AIDS or the Acquired Immune Deficiency Syndrome is now considered a manageable disease and no longer a deadly condition according to recent scientific findings. AIDS which can result from an HIV (Human Immunodeficiency Virus) was considered fatal especially during its ascent in the 1980s. As progress in science and medicine continue to improve, the once deadly AIDS is now considered manageable and a chronic disease.
However, many of today’s experts are uneasy using the word cure. They say that the battle is far from over but somehow there is a glimmer of hope for everyone. For now, it is enough that the disease can be managed and controlled to some extent.
AIDS first appeared in the 1980s and the disease has since claimed the lives of more than 25 million people around the world. Today, 35 million individuals are infected with HIV/AIDS.
In a span of 30 years since its appearance, people are now understanding AIDS and approaching it with less fear. They know that AIDS cannot be transmitted from hugging or sitting next to a person but this can be transmitted through unprotected sex, infected mothers passing the disease to their babies by way of childbirth and by using contaminated needles.
A study published in the October issue of the New England Journal of Medicine, describes a baby born with HIV in Mississippi. The baby undergone extensive and aggressive medications and by age three the virus became inactive.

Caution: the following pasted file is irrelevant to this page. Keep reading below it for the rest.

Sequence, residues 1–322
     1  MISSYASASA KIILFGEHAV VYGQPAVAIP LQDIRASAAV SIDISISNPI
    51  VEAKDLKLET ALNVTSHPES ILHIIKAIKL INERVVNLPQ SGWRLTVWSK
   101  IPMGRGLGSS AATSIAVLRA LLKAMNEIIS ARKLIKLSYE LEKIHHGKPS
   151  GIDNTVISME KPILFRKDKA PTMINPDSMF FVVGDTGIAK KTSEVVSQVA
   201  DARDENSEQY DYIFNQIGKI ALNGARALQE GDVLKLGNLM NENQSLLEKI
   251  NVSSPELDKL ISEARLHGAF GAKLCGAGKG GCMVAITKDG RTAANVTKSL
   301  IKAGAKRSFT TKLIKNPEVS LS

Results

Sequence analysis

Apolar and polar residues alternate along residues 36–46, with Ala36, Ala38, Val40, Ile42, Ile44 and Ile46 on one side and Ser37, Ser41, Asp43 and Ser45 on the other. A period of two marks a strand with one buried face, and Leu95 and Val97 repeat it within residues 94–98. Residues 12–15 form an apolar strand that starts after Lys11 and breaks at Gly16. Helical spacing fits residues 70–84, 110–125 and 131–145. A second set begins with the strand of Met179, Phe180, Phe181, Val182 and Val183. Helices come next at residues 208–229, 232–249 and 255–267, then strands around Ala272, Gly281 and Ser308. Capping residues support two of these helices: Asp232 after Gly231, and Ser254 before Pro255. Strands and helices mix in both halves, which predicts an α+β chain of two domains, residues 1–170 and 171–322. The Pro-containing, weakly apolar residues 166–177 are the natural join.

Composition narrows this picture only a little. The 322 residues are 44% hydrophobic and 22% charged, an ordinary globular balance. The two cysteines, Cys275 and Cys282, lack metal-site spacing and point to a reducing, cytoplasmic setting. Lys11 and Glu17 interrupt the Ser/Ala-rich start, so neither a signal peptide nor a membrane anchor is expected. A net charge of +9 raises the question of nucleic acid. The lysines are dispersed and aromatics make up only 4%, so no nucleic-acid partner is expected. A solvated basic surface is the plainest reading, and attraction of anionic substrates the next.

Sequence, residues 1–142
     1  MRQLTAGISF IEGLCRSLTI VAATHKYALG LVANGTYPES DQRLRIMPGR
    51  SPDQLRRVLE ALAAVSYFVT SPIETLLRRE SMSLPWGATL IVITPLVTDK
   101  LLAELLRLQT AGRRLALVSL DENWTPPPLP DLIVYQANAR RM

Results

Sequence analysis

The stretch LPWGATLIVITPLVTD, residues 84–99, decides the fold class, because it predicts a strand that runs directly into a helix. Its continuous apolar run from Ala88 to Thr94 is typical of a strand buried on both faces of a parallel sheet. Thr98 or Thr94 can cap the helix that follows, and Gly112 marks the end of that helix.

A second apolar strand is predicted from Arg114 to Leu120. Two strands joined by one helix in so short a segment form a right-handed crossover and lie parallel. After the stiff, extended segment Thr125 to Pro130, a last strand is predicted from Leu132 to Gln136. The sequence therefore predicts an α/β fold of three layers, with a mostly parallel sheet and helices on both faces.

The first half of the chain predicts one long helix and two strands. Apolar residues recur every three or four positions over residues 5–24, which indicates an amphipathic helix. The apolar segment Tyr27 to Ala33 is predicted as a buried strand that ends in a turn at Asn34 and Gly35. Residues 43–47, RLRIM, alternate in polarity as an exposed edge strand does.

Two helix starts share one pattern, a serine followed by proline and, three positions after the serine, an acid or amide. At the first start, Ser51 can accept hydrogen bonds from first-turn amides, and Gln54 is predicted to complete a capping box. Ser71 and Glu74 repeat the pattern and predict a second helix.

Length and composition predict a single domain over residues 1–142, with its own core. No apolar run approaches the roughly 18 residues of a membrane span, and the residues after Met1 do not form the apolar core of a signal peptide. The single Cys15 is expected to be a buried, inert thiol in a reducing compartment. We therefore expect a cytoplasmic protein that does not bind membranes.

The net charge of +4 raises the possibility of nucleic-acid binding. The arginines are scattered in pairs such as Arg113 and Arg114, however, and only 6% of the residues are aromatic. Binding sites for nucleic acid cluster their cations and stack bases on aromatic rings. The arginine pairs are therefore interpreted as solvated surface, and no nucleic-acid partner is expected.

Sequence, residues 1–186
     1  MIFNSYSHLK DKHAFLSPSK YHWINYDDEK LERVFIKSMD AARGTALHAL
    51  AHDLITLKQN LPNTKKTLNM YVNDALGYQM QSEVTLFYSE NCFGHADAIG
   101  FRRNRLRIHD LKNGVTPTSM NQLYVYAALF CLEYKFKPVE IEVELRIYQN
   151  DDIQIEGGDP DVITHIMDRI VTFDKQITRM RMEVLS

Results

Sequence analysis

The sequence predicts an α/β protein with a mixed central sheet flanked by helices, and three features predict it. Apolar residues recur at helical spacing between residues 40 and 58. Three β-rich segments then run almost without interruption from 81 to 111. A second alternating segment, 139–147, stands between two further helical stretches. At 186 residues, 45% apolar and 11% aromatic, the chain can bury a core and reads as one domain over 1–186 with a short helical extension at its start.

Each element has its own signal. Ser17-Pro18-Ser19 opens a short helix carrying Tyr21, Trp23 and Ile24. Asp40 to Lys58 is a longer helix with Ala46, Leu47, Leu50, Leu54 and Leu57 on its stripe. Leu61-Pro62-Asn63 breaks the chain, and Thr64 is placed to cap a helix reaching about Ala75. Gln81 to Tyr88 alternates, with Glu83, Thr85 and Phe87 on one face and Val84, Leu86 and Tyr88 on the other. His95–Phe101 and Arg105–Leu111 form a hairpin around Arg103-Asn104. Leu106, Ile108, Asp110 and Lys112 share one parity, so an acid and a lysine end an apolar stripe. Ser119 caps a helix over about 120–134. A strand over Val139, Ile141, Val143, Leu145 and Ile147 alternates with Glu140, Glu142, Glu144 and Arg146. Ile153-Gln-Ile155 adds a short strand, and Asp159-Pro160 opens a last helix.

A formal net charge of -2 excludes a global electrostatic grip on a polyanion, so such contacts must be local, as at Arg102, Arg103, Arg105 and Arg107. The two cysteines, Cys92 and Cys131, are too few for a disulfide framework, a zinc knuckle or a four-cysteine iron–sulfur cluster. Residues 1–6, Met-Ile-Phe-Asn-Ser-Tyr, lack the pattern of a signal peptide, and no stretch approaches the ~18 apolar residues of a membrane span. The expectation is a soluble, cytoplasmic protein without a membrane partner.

Doctors working at the Boston’s Brigham and Women’s Hospital also observed significant improvements in men with HIV. These men, eight months after receiving bone marrow transplants meant to treat Hodgkin’s lymphoma, the HIV were nowhere to be found in their bodies.
The advocacy group ONE, co-founded by U2 lead singer Bono, reported that from the 35 million people still infected with HIV/AIDS, 25 million of them can be found in the sub-Saharan Africa. Yet, the report added that there is a significant progress happening in several countries in Africa. Based on their findings, 16 countries have already reached a level where the total number of new HIV infections is significantly lower compared to the number of patients newly receiving AIDS treatments in a year. ONE says that this is the “beginning of the end of AIDS.”
Countries like Malawi, Zambia and Ghana are making significant progress in their fight to reduce HIV/AIDS infections. The report said that this can be credited to their governments, civil society groups and international donors working together in their fight against AIDS.
Dr. Louis Sloan, considered a pioneer in the fight against AIDS in the 1980s, said that what is happening today in terms of treating patients is already a milestone because doctors these days are now following a standard procedure. He says these doctors aside from following a set of medical standards are using gloves to prevent the disease’s transmission. Now, operating on an AIDS patient is already a routine, he continues.
Sloan likewise credits the discovery of an anti-viral drug called protease inhibitors in the 1990s. This drug contributed to the substantial reduction in death incidences due to HIV/AIDS.
To promote awareness against the dreaded AIDS disease, the World AIDS Day is observed every 1st of December. With these positive steps taken by the different sectors of society, the AIDS disease can indeed be managed and hopefully no longer classified as a deadly and fatal condition.
By: Roberto I. Belda